The Washington team is taking three approaches to achieve “invisibility.” Meanwhile, Nostro’s team is working to demonstrate that these “instructed” islet cells actually function like islet cells and will not be rejected by the immune system. With patents filed and strong connections forged with Toronto General Hospital (and its ready supply of patients and surgical expertise), Nostro, also a professor in the department of physiology, is hoping to one day launch a clinical trial in Toronto. “I’m super excited,” she says. “The progress we’ve made is extraordinary.”
Another U of T team is working on tricking the immune system by manipulating T-cells, a type of white blood cell that, in Type 1 diabetes, mistakenly attacks healthy islet cells. Under Juan Carlos Zúñiga-Pflücker, a professor in U of T’s department of immunology and a senior scientist at Sunnybrook Health Sciences Centre, the team is using a specific protein to convert the misdirected T-cells into regulatory T-cells, which suppress the immune system and can prevent autoimmune disease. Zúñiga-Pflücker has co-founded a company, Notch Therapeutics, to bring this technology to market. “If you measure antibodies, which can identify children and young adults who haven’t yet developed diabetes but who are at high risk, modulating the immune system can prevent the total destruction of those cells and prolong their function,” Lewis says.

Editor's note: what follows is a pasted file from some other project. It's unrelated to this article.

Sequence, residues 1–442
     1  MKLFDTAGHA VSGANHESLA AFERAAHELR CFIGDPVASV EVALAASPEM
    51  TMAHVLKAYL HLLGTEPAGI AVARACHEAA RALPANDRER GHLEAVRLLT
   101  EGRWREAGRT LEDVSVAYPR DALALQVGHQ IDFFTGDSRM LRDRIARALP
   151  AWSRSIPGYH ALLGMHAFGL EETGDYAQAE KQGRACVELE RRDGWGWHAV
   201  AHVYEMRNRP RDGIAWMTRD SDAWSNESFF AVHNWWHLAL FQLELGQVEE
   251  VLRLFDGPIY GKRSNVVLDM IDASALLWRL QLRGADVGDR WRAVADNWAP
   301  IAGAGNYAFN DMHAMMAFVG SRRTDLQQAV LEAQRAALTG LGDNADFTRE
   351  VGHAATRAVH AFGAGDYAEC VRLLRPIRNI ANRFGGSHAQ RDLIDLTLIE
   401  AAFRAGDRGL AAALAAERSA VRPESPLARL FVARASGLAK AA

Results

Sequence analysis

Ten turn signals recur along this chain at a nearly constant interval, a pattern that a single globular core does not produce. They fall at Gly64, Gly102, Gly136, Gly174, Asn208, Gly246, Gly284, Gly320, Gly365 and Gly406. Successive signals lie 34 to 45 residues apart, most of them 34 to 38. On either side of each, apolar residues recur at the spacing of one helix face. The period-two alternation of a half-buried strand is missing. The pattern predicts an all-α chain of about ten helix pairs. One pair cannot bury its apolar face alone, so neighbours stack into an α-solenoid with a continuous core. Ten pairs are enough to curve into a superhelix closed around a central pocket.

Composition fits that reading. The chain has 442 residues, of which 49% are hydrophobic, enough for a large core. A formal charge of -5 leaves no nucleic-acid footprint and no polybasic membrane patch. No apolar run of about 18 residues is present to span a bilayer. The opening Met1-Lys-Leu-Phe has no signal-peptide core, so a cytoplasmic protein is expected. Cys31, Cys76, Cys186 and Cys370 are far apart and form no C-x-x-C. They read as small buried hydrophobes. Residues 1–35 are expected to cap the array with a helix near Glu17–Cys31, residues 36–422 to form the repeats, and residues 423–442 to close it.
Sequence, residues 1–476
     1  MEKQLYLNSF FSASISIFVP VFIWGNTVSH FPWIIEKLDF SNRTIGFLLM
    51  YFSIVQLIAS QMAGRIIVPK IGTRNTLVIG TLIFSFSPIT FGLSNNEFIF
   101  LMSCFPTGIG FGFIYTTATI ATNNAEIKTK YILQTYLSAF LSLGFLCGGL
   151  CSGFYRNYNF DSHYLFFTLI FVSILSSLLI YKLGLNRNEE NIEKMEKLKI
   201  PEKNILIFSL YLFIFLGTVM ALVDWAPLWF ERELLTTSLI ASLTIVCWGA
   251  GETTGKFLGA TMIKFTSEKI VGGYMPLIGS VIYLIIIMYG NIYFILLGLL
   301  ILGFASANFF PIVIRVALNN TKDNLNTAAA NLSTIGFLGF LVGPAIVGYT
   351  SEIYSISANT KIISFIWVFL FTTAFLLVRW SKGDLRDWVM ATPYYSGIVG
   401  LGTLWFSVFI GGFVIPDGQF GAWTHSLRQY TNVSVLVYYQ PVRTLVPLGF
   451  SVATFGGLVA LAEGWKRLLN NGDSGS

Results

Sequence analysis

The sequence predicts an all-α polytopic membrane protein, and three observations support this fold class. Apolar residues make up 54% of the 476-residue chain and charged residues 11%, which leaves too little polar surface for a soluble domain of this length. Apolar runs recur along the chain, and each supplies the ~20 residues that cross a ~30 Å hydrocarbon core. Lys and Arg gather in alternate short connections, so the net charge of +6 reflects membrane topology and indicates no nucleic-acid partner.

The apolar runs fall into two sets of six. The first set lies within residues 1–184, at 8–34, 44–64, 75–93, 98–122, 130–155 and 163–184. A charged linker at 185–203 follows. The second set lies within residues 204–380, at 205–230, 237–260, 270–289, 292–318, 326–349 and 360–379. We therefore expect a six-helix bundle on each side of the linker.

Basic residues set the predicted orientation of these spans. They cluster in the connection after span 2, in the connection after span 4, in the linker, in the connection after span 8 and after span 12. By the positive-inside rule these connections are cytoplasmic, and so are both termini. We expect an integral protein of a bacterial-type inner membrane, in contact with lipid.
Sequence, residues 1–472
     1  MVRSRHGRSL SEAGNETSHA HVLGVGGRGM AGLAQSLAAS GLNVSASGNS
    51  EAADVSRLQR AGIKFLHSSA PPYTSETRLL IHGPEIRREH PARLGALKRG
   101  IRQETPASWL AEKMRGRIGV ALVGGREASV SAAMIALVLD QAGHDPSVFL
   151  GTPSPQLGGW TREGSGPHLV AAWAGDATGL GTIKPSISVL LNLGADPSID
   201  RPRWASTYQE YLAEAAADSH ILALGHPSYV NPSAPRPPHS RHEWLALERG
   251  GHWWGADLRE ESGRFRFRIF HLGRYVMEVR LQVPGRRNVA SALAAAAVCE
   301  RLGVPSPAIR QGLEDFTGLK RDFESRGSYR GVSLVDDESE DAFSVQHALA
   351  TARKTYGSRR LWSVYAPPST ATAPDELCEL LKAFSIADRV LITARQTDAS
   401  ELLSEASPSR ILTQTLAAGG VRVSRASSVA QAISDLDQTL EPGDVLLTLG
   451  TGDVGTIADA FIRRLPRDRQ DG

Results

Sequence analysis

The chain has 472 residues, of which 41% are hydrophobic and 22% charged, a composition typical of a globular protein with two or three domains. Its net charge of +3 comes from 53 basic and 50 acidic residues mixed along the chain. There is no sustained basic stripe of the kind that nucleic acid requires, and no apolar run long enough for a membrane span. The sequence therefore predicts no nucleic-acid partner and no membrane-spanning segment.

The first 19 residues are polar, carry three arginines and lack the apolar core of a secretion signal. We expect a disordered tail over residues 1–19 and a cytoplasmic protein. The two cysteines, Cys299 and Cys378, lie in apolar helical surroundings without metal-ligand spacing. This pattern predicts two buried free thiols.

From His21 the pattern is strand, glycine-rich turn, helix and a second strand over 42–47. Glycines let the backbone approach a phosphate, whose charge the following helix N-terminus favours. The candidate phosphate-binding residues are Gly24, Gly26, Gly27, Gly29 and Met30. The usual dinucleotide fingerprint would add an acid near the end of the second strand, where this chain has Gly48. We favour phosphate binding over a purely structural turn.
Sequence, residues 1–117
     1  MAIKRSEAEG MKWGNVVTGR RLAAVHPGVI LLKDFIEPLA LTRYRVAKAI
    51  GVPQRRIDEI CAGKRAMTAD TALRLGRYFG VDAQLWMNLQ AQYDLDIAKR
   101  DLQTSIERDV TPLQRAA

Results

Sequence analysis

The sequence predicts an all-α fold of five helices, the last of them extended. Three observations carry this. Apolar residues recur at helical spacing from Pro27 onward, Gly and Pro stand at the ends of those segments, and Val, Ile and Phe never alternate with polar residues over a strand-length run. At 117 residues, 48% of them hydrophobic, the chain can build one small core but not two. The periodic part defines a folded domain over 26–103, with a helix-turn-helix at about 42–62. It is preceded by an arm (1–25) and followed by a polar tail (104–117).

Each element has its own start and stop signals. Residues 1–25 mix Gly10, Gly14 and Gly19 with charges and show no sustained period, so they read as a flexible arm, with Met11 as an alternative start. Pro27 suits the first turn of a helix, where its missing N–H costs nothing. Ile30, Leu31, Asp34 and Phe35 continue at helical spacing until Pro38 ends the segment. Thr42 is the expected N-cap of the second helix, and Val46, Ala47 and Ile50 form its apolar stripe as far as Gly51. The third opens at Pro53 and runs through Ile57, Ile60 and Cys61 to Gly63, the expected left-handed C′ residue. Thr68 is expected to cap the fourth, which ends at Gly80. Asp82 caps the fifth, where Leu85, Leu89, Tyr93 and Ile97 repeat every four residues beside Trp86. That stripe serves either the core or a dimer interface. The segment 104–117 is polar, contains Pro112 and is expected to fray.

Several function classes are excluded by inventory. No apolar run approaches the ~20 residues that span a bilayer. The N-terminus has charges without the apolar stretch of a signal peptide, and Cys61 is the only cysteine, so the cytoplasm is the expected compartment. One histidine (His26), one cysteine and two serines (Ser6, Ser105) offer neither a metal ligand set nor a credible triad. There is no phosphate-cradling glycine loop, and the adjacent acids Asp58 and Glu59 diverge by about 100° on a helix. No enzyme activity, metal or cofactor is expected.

Other U of T research teams are focusing on Type 2 diabetes, which is much more common than Type 1, and much more closely linked to lifestyle. “There’s no question that if we solve the problem of obesity, we can solve most of the problem of Type 2 diabetes,” says Lewis. But obesity is a complex global epidemic that involves far more than simply choosing to eat too much or exercise too little. It’s partly genetic: Asian, Black, Hispanic/Latino and Indigenous populations have a higher risk of obesity and diabetes. It’s partly biological, with our natural human attraction to fatty and sweet tastes and our evolutionary ability to store fat. It’s partly our modern society, which necessitates sedentary, screen-based work or school. And it’s partly the social determinants of health: socioeconomic inequalities leave disadvantaged people without access to nutritious food, recreation opportunities, medical specialists or healthy outlets to manage stress. Lewis says, “In Type 2 diabetes, the social determinants of health totally swamp the genetic and biological determinants.” And they are affecting younger people. An alarming 2020 Manitoba government study found that the rate of Type 2 diabetes among children in Indigenous communities in that province is 25 times higher than that of other children. (See U of T Mississauga Opens a New Centre for Diabetes Research)